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Market Update  

- By MarketWatch, MarketWatch MarketWatch on Thursday launched the Location Scouts, its latest content initiative, featuring housing-market updates from key cities across the U.S. Location ...


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Health & Lifestyle News  

Studies say 1/3 of young men in China to die from smoking
(AP Photo - Mark Schiefelbein)
From Associated Press
October 08, 2015 9:36 PM EST

BEIJING (AP) — Research published in the medical journal The Lancet says one in three of all the young men in China are likely to die from tobacco, but that the number can fall if the men quit smoking.

SACRAMENTO, Calif. (AP) — Proponents of an effort to repeal California's new stricter law requiring mandatory vaccines for school children failed to submit enough signatures to qualify a ballot initiative asking voters to repeal the law.

FLINT, Mich. (AP) — Michigan Gov. Rick Snyder on Thursday called for Flint to switch back to Detroit's water system to address a public health emergency over lead and grapple with broader concerns about the effects of the aging pipes distributing the city's water supply.

When Flint left the Detroit water system last year, it was after years of frustration over the cost and with the anticipation that the city had a cheaper, independent solution.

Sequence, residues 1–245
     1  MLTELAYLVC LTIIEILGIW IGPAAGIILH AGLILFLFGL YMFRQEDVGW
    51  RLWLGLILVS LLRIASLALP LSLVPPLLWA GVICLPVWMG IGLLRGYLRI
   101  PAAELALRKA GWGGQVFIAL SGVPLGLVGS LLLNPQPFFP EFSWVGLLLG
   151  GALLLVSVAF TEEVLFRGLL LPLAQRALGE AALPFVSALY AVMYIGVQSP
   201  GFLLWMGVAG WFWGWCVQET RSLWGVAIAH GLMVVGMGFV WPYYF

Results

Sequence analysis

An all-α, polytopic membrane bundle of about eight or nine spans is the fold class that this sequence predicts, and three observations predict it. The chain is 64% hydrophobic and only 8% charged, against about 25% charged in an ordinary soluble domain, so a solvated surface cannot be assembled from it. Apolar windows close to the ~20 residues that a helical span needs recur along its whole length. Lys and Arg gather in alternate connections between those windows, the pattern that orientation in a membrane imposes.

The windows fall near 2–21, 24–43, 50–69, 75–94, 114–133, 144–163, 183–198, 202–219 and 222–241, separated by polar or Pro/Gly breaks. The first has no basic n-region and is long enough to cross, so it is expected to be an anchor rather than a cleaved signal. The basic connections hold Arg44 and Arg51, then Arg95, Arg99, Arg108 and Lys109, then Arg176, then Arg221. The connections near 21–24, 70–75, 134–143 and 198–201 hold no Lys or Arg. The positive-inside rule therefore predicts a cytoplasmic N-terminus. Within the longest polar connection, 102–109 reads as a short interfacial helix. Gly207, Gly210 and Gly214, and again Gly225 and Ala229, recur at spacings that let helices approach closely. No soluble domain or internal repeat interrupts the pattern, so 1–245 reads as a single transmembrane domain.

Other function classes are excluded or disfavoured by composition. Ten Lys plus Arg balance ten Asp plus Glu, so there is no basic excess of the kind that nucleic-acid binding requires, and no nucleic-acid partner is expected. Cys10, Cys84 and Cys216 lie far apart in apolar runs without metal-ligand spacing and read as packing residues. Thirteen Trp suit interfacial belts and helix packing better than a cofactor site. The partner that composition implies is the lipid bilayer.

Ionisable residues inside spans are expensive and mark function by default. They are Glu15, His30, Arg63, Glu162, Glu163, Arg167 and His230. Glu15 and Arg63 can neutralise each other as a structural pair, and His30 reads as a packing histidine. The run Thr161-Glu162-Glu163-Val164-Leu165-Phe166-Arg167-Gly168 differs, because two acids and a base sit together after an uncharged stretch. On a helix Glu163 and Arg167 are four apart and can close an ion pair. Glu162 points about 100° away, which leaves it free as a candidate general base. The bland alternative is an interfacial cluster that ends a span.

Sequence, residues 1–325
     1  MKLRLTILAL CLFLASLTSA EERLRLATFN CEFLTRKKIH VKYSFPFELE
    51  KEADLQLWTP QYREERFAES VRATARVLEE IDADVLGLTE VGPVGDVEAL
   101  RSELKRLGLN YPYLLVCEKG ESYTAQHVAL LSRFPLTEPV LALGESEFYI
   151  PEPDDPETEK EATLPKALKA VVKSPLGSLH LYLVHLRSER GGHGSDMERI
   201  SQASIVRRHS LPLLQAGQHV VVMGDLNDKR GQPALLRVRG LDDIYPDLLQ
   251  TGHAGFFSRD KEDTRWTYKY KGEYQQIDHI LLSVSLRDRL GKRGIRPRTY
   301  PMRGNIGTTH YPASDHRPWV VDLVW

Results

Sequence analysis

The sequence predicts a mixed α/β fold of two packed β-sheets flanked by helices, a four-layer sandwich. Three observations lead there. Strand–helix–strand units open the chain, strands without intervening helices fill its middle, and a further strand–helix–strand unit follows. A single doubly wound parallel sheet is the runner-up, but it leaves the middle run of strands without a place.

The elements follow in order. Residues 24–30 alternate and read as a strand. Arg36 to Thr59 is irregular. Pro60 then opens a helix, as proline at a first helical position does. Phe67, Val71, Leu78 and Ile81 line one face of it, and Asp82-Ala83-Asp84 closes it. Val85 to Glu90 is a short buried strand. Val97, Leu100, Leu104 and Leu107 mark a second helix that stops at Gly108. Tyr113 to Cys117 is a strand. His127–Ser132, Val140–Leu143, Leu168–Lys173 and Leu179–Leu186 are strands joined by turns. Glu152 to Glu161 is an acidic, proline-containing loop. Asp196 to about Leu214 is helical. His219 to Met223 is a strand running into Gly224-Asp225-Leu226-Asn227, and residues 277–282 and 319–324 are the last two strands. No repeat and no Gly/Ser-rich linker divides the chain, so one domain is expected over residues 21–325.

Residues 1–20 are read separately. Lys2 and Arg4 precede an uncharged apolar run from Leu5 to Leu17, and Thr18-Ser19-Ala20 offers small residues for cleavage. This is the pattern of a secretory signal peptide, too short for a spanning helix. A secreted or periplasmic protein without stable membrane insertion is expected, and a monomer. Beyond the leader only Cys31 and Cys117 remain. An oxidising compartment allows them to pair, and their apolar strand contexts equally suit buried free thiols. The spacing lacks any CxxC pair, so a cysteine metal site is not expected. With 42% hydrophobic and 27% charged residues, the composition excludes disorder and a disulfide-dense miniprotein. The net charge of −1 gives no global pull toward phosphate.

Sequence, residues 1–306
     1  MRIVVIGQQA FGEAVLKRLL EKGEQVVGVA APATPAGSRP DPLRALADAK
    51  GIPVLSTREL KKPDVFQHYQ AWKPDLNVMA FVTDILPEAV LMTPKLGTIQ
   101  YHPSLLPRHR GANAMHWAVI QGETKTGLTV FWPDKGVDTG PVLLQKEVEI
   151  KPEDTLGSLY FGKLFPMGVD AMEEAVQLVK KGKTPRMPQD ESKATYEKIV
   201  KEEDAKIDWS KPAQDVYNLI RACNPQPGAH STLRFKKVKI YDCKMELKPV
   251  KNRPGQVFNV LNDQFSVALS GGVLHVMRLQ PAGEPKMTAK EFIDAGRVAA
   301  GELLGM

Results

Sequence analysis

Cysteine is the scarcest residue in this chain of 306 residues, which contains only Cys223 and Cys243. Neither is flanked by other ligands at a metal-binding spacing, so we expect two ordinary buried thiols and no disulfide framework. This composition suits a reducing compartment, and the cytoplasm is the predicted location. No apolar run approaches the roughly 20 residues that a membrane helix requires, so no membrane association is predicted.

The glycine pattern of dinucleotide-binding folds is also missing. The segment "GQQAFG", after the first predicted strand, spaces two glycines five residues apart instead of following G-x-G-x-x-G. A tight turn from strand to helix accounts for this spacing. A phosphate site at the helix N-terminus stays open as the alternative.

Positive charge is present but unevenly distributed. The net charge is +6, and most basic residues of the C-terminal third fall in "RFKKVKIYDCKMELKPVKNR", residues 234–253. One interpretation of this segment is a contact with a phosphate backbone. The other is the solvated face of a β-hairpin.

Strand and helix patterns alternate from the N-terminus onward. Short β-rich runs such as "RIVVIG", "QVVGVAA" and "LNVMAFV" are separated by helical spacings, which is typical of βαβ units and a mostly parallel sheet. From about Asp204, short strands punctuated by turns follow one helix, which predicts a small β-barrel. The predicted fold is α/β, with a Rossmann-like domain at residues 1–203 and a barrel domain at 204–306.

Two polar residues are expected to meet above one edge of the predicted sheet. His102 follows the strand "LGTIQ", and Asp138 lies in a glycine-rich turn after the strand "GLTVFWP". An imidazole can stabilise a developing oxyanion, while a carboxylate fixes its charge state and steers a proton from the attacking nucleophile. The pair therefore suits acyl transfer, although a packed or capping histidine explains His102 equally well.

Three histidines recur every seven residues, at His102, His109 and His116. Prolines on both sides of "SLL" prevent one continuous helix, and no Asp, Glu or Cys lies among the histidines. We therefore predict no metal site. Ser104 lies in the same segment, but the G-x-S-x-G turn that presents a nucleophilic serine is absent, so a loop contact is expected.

SAN FRANCISCO (AP) — The founder of a popular form of yoga that is performed in a room heated to more than 100 degrees lost a court appeal Thursday to copyright a sequence of 26 poses and two breathing exercises.

LONDON (AP) — The World Health Organization says it's worried that millions of doses of polio vaccine might be wasted in Ukraine after a patient group raised concerns that the doses are unsafe.

WEST WINDSOR, N.J. (AP) — A nurse accused of reusing syringes while giving flu shots to 67 patients at a pharmaceutical company voluntarily surrendered her license, New Jersey officials said Thursday.

CHICAGO (AP) — Cancer is much less common in elephants than in humans, even though the big beasts' bodies have many more cells. That's a paradox known among scientists, and now researchers think they may have an explanation — one they say might someday lead to new ways to protect people from cancer.

BOSTON (AP) — Kylee Moriarty has experienced her share of ups and downs since deciding to kick her heroin habit this past summer.

TOKYO (AP) — A new study says children living near the Fukushima nuclear meltdowns have been diagnosed with thyroid cancer at a rate 20 to 50 times that of children elsewhere, a difference the authors contend undermines the government's position that more cases have been discovered in the area only because of stringent monitoring.

WASHINGTON (AP) — Volkswagen plans to withdraw applications seeking U.S. emissions certifications for its 2016 model Jettas, Golfs, Passats and Beetles with diesel engines, raising the possibility that an emissions-rigging device similar to earlier models is also included in its new cars.